*This piece originally featured on sport.co.uk*
His performance on Tuesday night once again had fans and pundits alike singing his praises. Wayne Rooney produced another inspired display to drive Manchester United past Schalke with a 2-0 victory in the first leg of their Champions League semi-final. It would appear that those dark days of just six months ago are well and truly behind Rooney now.
He received a barrage of criticism after his woeful World Cup and his form had clearly not improved at the start of United's current campaign. He cut a forlorn, disinterested figure before Christmas. His touch had deserted him and his characteristic hunger and aggression had all but disappeared. Following a contradiction between himself and Sir Alex Ferguson over the extent of an ankle injury he was supposed to have suffered, it was announced that Rooney wanted to leave United.
Rooney's well-publicised dip in form coincided with his even more well-publicised alleged affair with a prostitute. A scapegoat for England's World Cup failures, hounded by his once adoring United fans and top of the tabloids villain list, Rooney had a nightmare start to the season. And yet now, as Manchester United close in in another Premiership title and seem destined to make the Champions League Final at Wembley, the England striker has reached what is quite possibly the finest form of his career.
Over the past three months Wayne Rooney has been an imperious figure for his club. His goalscoring tally may not have reached the heights of his prolific record last season but his all round play has been nothing short of sensational. Whereas last season Rooney was the spearhead of the United attack, this season he has played a much deeper role, thus allowing him to become far more instrumental in all aspects of United's play.
Rooney's willingness to work for the team and his intelligence for finding space has seen him pulling the strings across the pitch. Whether he is utilised on the left wing, when Sir Alex wishes to bolster the midfield with a fifth member, or he playing just off of a main striker, Rooney has been a destructive force of late.
Since 'that volley' which won United the Manchester derby in February, Rooney has been potent in front of goal. He has only scored 14 goals in all competitions this season but these have included a decisive hat-trick against West Ham - which was followed by that notorious outburst which earned him a two match ban - and the only goal in their crucial quarter-final first-leg victory over Chelsea in the Champions League. He added another goal last night in Germany to round off what was a superb performance.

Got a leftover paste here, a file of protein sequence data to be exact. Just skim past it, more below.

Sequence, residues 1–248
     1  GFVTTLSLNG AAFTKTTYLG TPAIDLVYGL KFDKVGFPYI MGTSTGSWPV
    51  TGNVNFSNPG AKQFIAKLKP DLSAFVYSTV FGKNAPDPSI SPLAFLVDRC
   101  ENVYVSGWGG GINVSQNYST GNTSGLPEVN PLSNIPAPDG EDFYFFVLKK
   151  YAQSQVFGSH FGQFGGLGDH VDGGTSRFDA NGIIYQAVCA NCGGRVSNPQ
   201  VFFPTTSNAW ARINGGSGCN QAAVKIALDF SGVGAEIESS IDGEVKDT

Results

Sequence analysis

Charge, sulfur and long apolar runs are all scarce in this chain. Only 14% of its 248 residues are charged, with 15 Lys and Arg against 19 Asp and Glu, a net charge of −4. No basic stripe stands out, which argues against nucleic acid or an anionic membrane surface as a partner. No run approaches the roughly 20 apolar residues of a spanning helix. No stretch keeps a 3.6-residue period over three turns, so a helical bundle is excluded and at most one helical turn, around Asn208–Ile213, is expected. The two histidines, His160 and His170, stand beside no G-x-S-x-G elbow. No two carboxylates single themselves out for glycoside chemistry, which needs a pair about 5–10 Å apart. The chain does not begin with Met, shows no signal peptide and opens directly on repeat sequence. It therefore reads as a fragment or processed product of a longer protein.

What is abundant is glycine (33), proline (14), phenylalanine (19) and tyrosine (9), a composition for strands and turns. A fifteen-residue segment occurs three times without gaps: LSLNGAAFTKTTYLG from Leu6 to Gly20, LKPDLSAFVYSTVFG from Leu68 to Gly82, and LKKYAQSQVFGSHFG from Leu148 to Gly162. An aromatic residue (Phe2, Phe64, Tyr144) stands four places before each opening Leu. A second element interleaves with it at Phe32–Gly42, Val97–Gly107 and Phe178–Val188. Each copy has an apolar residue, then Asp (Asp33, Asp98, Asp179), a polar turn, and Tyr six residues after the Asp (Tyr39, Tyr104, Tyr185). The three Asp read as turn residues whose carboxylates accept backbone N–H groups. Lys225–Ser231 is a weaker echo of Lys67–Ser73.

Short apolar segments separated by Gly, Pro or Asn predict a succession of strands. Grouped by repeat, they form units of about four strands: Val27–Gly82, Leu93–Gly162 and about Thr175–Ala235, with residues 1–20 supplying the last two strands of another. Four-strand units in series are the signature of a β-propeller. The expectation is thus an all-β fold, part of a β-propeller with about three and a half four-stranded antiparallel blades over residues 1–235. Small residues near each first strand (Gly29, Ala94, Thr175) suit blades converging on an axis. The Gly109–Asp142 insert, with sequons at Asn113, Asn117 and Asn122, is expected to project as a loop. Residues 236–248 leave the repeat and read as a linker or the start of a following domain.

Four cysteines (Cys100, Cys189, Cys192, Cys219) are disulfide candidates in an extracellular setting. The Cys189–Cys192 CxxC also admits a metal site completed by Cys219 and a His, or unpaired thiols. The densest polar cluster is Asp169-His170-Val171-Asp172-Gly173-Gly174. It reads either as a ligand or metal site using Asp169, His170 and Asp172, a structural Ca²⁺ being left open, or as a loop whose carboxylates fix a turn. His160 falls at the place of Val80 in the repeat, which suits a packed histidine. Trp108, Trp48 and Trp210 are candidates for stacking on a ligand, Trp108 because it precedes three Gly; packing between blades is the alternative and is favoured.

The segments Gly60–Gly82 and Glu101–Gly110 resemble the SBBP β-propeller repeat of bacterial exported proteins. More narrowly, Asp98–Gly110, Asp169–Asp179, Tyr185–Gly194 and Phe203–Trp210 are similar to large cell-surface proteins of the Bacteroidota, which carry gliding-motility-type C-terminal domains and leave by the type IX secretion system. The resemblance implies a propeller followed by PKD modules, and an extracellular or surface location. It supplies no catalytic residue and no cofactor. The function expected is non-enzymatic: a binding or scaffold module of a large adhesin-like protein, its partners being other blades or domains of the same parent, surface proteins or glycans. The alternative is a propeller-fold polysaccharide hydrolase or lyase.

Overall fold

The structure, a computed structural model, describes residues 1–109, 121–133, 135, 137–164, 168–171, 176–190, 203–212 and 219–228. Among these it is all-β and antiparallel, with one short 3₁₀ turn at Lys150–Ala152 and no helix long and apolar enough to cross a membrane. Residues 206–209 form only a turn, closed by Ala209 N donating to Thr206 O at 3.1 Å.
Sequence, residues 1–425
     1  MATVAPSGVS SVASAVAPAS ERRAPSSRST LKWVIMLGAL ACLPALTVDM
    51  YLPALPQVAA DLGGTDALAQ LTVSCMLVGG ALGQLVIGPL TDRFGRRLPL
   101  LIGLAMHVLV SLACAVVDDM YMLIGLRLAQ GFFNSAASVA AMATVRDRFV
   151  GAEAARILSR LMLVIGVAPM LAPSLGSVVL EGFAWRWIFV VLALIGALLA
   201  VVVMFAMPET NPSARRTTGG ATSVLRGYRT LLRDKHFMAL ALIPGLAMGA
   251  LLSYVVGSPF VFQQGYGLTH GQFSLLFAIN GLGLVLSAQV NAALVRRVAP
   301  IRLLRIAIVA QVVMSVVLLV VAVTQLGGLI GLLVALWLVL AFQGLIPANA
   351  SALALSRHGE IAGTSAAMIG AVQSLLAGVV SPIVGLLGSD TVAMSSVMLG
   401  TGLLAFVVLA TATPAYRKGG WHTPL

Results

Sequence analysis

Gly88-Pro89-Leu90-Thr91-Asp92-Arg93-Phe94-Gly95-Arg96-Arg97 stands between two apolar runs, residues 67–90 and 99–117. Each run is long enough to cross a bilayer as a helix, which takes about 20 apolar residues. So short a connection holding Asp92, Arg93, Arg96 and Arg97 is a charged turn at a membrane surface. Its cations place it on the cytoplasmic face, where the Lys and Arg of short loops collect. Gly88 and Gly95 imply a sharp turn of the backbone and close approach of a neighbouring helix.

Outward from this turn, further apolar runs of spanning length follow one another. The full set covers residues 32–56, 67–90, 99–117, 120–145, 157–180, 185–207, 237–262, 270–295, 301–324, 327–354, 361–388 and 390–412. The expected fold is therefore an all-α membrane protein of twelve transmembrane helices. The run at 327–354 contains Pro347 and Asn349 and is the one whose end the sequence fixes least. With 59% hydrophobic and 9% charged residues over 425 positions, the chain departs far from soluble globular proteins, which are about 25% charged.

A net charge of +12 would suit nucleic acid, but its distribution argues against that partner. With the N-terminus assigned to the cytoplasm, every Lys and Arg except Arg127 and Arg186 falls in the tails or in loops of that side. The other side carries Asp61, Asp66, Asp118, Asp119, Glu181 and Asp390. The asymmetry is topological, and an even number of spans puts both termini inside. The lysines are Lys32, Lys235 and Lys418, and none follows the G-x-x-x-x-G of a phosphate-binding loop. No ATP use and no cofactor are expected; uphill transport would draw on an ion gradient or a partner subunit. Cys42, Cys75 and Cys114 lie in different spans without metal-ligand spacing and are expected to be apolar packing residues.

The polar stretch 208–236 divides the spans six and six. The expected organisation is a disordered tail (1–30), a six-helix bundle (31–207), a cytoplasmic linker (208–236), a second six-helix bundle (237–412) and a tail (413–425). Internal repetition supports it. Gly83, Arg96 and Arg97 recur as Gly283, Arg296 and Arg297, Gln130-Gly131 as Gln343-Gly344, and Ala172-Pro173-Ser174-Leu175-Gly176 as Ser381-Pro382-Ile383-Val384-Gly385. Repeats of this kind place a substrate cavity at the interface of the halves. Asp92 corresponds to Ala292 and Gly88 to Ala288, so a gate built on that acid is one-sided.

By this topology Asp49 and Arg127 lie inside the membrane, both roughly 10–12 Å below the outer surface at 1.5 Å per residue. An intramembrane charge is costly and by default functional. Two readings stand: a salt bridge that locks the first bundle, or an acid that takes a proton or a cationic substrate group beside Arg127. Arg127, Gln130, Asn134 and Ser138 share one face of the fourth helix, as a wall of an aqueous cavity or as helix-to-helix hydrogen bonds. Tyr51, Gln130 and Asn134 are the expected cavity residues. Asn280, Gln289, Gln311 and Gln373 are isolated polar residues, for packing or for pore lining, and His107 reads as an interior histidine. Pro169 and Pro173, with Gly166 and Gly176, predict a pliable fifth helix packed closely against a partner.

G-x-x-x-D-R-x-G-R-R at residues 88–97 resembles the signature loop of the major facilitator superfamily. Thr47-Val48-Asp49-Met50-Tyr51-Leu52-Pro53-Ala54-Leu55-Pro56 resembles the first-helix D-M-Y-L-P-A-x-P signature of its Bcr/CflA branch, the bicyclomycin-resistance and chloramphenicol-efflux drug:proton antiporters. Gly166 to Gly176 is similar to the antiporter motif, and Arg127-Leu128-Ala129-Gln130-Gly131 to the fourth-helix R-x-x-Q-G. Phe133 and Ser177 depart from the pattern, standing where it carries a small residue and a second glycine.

The partnership that he has formed with Javier Hernandez has undoubtedly played a big part in Rooney's renaissance, he has revelled in the energy and enthusiasm shown by United's wonder signing. The little Mexican plays on the shoulder of the last defender and constantly tests them in behind. This, in turn, keeps the defenders on the back foot and stretches the defence which enables Rooney to drop deeper into the space left behind. It is this position that gets the best out of Rooney and indeed the United team. He acts as the linchpin of the United attack, dictating the direction and tempo of the attack and dissecting the opponents.
It is the position that all England fans want to see him play. Just in 'the hole'. It is a role that optimises his clever movement, vision, passing, technique while still enabling him to be a goal threat. All of which were highlighted this week against Schalke. His resurgence in the second half of the season has been at the heart of United's push for a Premier League and Champions League double. Had he not been suspended for their FA Cup semi-final match against Manchester City then they may well have still be on track to repeat their treble winning season in 1998/99.
His passion for the game seems reignited which can be seen by his desire to be on the ball whenever possible. Towards the end of their match against Everton at the weekend Rooney dropped into a deep-lying midfield role to collect the ball from the centre-backs and begin building the play. The contrast with his lethargic performances at the start of the season could not be more stark. His turn around is not just evident on the pitch but his attitude off it has been far more relaxed.
It would, however, be unfair to pinpoint Rooney as the sole reason for United's current success. As already stated, Hernandez has proven himself to be probably the signing of the season while the likes of Giggs, Vidic, Van der Sar and even Carrick in the Champions League have all be extremely important. Nevertheless, it is Rooney who elevates United from being a good to a great team. His industry and skill completely alters the United attack when he is at his best.
'Form is temporary, class is permanent', or so the old cliché goes and Rooney is, of course, a player of the highest class. He is also a player in fantastic form. The combination of the two has been potentially decisive for United in the final third of the season. They have four games remaining in the Premier League and, as long as they see off Schalke in the second leg at Old Trafford as they are expected to do, they have two more matches left in Europe. If Rooney can carry his current, devastating form into those six matches then he may well prove to be the decisive factor in deciding where the two trophies end up this season.
Thoughts, comments and opinions please...